What should I do if I've been involved in a traffic crash?
A person should first ensure that no one is injured. If anyone is injured as a result of the crash dial 911 immediately. You should also be aware of any potential dangers as a result of the crash, such as vehicles catching on fire, flying debris, hazardous materials, possibility of more crashes due to position of disabled vehicles, etc. If any of these or similar dangers are present, dial 911 immediately. If no one is injured, a person should make contact with the local, county, or state law enforcement agency using emergency or non-emergency telephone numbers. All parties (drivers) should exchange information: driver's license numbers, vehicle license numbers, names, addresses, and phone numbers of all persons involved, and the insurance company name and policy number of each driver. The involved persons should also write down the time and location where the traffic cash occurred.
What are the reporting requirements if I've been involved in a traffic crash?
A traffic crash report will be taken when the following reporting criteria is met:
- The collision is unintentional,
- The collision occurs on a public way,
- The collision is caused by a vehicle in motion, AND
- Any personal injury is involved OR
- Combined damage to all vehicles or property is in excess of $1000.00
When should I make a traffic crash report?
A reportable traffic crash must be reported immediately by the quickest means of communication to a state police officer, or to the nearest state police field office, or to the sheriff's office, or to a deputy sheriff, within the county in which the crash occurred, or to the office of the police department, or to an officer, of the municipality in which the crash occurred. The crash must be reported by:
- The operator of an involved vehicle;
- A person acting for the operator; or
- If the operator is unknown, the owner of an involved vehicle having knowledge of the crash.
What is the penalty for not making a traffic crash report?
A person commits a Class E crime if that person:
- Is required to make and oral or written report and knowingly fails to do so within the time required.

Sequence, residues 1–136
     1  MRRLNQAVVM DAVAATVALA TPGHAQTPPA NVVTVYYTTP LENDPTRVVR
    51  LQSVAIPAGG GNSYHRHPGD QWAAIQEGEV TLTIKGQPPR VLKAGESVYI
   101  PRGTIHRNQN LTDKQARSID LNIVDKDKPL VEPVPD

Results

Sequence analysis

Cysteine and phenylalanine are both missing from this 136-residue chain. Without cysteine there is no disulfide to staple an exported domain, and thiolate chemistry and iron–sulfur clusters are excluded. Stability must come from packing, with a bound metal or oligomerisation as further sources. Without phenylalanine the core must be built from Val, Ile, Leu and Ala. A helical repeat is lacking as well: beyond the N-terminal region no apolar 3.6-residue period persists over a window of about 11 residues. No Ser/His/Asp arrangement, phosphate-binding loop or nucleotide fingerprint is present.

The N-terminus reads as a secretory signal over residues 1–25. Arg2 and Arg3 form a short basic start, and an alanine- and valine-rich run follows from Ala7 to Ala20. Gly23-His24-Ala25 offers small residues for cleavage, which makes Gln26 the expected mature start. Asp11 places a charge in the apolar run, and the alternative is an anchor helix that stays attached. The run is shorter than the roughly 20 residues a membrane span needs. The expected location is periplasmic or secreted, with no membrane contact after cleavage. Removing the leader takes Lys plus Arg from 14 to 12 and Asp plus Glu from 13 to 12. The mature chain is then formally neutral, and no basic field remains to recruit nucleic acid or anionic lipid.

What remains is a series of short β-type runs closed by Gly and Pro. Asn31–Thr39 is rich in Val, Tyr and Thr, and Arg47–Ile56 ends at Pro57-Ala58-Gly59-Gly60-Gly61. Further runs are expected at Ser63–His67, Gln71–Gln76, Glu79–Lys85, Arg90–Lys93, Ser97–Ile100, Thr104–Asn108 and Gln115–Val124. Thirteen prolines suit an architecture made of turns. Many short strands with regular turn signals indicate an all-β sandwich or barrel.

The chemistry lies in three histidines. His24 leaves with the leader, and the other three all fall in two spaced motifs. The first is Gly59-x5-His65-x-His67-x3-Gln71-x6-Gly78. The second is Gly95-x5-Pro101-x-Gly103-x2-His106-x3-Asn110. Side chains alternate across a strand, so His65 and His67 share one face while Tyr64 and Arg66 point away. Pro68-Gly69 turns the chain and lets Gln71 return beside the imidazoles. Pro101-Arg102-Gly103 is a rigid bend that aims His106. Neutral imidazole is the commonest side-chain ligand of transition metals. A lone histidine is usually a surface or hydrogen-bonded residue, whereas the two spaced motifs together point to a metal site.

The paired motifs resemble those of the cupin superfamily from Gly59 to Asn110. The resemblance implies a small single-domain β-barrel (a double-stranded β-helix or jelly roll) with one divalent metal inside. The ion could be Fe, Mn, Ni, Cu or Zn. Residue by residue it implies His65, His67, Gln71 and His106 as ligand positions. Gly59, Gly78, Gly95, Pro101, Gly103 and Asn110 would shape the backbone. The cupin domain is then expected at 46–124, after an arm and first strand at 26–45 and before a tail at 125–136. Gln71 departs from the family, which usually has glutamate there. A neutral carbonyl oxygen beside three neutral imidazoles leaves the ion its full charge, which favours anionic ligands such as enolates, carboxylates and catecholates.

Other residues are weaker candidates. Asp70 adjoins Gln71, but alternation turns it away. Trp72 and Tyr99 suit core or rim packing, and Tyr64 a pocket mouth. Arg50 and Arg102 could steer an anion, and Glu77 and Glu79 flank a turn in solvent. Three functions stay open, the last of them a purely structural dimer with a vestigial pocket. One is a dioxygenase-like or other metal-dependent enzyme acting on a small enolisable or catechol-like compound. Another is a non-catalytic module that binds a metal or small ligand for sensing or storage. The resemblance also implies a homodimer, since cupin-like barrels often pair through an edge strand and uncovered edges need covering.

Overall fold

- Is an operator involved in a reportable crash and knowingly fails to give a correct name and address when requested by an officer at the scene; or
- Is the operator involved in a reportable crash or the owner of a vehicle involved in a reportable crash and knowingly fails to produce the vehicle or, if the vehicle is operational, return it to the scene when requested by the investigating officer.
- The Secretary of State may suspend or revoke the motor vehicle driver's license and certificate of registration of a person who is required to make a report and fails to do so.
How can I make a traffic crash report?
A report must be made to the police agency within the jurisdiction that the crash occurred. This may be a municipal police department, a county sheriffs department, or the state police. When making the report you must be able to produce your license information, registration information, insurance information, and the date, time, and location of the crash. You must also be able to produce the name and dates of birth of all passengers in your vehicle.
How can I obtain a copy of a traffic crash report?
Crash reports may be purchased for a fee of $10.00. This is a non-refundable administrative fee charged to cover the cost of the records search, and will not be refunded even if it is determined that no report exists. (Report must be complete before ordering online)
Reports are available online, or through the traffic division office at 36 Hospital Street in Augusta.
Some useful information to have when ordering a crash report is:
- Date and Location of Crash
- Name and date of birth of one or more persons involved
- Name of investigating officer or agency
- Incident report number, if known
- What are the top traffic violations that cause traffic crashes?
Traveling in excess of the posted speed limit, or driving at any speed that is unsafe, based on the present conditions (rain, fog, snow and other conditions) that may dictate that even the posted speed limit is not safe.
Yielding right of way varies situationally from traffic on the interstate to traffic circles. This statute outlines the laws surrounding yielding the right-of-way.
An operator of a vehicle may not follow another vehicle more closely than is reasonable and prudent, having due regard for the speed of the vehicles, the traffic and the condition of the way